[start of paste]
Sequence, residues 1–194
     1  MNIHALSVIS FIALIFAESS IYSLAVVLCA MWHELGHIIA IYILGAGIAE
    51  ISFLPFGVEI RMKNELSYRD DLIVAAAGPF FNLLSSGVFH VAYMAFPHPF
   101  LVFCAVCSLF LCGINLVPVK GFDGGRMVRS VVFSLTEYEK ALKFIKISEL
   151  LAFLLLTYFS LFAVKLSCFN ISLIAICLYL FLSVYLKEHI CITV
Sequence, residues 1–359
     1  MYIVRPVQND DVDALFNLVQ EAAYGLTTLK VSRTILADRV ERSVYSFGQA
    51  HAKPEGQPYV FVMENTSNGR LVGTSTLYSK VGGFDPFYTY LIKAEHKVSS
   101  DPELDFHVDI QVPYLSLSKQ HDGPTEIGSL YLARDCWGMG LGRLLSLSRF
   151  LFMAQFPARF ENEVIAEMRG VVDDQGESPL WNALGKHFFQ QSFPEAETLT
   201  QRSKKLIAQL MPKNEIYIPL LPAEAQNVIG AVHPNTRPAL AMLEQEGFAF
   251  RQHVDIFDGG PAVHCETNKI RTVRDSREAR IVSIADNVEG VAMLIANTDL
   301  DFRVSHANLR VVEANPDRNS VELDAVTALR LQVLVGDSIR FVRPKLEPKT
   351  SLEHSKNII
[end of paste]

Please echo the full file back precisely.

Sequence, residues 1–194
     1  MNIHALSVIS FIALIFAESS IYSLAVVLCA MWHELGHIIA IYILGAGIAE
    51  ISFLPFGVEI RMKNELSYRD DLIVAAAGPF FNLLSSGVFH VAYMAFPHPF
   101  LVFCAVCSLF LCGINLVPVK GFDGGRMVRS VVFSLTEYEK ALKFIKISEL
   151  LAFLLLTYFS LFAVKLSCFN ISLIAICLYL FLSVYLKEHI CITV
Sequence, residues 1–359
     1  MYIVRPVQND DVDALFNLVQ EAAYGLTTLK VSRTILADRV ERSVYSFGQA
    51  HAKPEGQPYV FVMENTSNGR LVGTSTLYSK VGGFDPFYTY LIKAEHKVSS
   101  DPELDFHVDI QVPYLSLSKQ HDGPTEIGSL YLARDCWGMG LGRLLSLSRF
   151  LFMAQFPARF ENEVIAEMRG VVDDQGESPL WNALGKHFFQ QSFPEAETLT
   201  QRSKKLIAQL MPKNEIYIPL LPAEAQNVIG AVHPNTRPAL AMLEQEGFAF
   251  RQHVDIFDGG PAVHCETNKI RTVRDSREAR IVSIADNVEG VAMLIANTDL
   301  DFRVSHANLR VVEANPDRNS VELDAVTALR LQVLVGDSIR FVRPKLEPKT
   351  SLEHSKNII